Back in 1990 or so I was the Social Coordinator for the New Student Orientation at Marquette University. What that means is I had a responsibility to the wide-eyed new freshmen…to entertain them, to show them a good time during their first week on campus. It was also my job to teach them what it meant to be a Marquette Warrior.
One night that week, I found myself backstage at the Varsity Theater, having just introduced the comedian I had booked for the night. He was getting off to a very choppy start. I was hiding behind the folds of the curtains, peering out at him and wishing he’d get funny quick, or it was going to be my butt for booking an unfunny comedian. He didn’t get funnier. He got rude. He started asking everyone where they were from, like comedians do when they’re bombing. From the balcony, someone yelled out, thick with accent, “Puerto Ricco…!!” (We had a lot of exchange students from there.) He responded, “Who let you in here?” Hyuck hyuck.
My stomach dropped. My face got really hot. “What?” I turned to my assistant, “What did he just say?” And then he said it AGAIN! “Who let you in here?” Then I got pissed. And scared. I had to think fast. What do I do? What do I do? I thought I should contact my adviser; I was only 20 years old at the time, I didn’t know my authority. And then I found it. “Cut the mic!” I said to the technician. “CUT THE MIC!”
I walked out onto that spotlit stage, and had to face the bewildered comedian. To this day, I don’t remember his name, nor can I see his face. I remember his shock. I reached for his mic and told him, “I can’t have you speaking to our students that way.”
I’d ripped a contact lens that day and didn’t have my glasses. I had to turn and face the 200+ new students, blind. I was met with silence. I couldn’t see their faces; didn’t know if they were with me or against me. My hands were shaking as I held the mic. I said to them, “This is not the example we want to give to you, this is not what Marquette is about, it’s not what I’m about.”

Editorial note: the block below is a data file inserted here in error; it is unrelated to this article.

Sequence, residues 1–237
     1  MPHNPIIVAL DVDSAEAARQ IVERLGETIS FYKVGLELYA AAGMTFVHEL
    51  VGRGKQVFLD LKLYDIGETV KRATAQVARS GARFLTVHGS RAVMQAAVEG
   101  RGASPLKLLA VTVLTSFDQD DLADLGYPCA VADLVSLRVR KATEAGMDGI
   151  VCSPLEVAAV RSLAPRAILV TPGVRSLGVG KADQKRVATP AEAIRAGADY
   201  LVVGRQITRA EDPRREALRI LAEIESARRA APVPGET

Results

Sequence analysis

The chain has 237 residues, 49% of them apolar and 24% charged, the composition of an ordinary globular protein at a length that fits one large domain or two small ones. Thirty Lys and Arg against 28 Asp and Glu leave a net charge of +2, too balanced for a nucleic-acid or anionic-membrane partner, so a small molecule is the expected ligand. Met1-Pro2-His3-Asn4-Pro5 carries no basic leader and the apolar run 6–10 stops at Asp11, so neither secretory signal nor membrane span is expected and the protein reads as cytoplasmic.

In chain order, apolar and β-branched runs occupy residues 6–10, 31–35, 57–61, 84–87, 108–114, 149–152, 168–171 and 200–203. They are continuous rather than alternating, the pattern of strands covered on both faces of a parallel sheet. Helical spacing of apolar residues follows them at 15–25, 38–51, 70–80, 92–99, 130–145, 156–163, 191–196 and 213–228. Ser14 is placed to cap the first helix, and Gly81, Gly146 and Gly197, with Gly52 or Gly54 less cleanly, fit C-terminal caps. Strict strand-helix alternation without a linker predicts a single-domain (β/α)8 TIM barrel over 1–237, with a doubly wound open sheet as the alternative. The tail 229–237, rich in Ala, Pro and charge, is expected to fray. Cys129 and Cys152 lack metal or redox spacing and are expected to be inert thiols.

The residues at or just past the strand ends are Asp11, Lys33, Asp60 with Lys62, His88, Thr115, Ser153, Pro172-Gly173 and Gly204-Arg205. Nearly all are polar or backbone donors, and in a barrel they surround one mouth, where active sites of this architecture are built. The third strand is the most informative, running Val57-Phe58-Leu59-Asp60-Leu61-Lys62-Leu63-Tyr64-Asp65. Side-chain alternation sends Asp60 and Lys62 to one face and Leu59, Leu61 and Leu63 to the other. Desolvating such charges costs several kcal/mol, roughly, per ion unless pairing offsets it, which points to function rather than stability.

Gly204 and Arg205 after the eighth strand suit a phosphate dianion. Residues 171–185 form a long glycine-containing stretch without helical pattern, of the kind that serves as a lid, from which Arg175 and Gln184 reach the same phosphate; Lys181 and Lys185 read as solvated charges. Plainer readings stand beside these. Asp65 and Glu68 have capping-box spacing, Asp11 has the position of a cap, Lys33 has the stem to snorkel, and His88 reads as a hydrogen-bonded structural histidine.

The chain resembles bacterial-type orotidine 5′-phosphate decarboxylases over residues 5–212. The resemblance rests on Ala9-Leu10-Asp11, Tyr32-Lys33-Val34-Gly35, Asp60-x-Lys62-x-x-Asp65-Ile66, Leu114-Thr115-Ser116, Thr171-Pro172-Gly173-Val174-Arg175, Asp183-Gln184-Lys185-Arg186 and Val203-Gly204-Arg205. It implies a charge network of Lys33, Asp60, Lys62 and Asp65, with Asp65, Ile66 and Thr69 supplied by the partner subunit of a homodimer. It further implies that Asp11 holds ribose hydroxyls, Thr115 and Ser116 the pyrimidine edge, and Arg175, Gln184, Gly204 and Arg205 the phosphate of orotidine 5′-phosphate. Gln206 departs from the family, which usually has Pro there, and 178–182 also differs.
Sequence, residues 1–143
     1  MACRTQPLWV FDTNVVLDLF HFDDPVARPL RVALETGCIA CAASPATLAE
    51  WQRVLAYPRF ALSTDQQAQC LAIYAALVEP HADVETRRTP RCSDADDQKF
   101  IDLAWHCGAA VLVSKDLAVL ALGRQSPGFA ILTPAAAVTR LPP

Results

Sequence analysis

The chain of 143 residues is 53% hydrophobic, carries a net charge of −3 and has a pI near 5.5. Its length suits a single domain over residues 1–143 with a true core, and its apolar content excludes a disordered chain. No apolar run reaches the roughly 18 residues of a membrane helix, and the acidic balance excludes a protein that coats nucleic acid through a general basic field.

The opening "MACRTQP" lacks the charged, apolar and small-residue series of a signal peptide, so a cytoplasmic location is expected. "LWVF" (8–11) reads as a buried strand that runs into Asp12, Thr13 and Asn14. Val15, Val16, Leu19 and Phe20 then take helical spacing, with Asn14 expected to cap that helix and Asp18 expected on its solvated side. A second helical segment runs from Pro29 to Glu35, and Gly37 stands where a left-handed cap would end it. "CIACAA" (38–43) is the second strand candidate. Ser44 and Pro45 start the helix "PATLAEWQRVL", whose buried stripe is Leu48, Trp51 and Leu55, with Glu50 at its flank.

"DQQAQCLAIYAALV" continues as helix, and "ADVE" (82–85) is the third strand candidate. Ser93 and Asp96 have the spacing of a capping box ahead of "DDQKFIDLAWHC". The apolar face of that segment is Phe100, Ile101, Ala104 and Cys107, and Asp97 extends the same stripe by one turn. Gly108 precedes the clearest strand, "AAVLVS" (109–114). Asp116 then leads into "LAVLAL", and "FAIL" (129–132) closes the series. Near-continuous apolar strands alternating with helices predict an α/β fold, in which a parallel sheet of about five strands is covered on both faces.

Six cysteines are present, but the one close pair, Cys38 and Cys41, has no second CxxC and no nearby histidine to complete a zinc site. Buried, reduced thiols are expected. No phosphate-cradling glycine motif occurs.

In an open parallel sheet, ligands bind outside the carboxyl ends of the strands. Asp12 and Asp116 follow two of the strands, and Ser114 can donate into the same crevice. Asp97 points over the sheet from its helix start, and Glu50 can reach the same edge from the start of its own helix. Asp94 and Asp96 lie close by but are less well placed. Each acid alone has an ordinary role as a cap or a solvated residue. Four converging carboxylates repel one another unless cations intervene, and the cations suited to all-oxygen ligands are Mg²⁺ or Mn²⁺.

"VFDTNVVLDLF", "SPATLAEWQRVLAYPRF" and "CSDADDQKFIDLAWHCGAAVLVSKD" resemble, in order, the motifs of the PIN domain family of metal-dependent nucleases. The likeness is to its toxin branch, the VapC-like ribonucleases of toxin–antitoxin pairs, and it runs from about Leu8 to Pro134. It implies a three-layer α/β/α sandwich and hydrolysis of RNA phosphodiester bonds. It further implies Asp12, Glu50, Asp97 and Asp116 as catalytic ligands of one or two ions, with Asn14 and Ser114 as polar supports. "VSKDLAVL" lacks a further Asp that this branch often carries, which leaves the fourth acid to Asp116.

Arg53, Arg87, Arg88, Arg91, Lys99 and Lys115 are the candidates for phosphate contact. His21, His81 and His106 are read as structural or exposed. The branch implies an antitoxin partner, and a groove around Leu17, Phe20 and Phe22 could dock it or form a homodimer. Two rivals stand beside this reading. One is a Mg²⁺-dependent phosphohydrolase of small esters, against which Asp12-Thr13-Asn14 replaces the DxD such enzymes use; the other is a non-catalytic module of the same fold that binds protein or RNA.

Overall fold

I was thanked with a standing ovation. They were with me.
This week, I found myself in the center of a story that hit the front page of the Washington Post. I could casually say that yet another white man had done wrong to a person of color. But I won’t, because that’s not what I’m about. What I will say is that I was in the spotlight once again. I’d been handed a mic and it was on.
You can read about what happened, or watch my edited interview on NBC Nightly News or here on CBS This Morning, you can see what I said about what happened. I don’t need to rehash how I was wronged, or how so many other women were wronged by a man with power who said he wanted to help us. What I want to say here is what got edited out of my interviews:
As women, we’re going to find ourselves in situations where behavior, specifically sexual behavior in a professional setting, crosses the fucking line. This is going to happen; you’re going to find yourself bewildered, scared, confused and shocked…and paralyzed. Maybe for a few seconds, a few months or a few years afterwards. But what you’re going to need to know, and what I’ve learned from this experience, is you gotta know HOW and WHEN to say “NO”.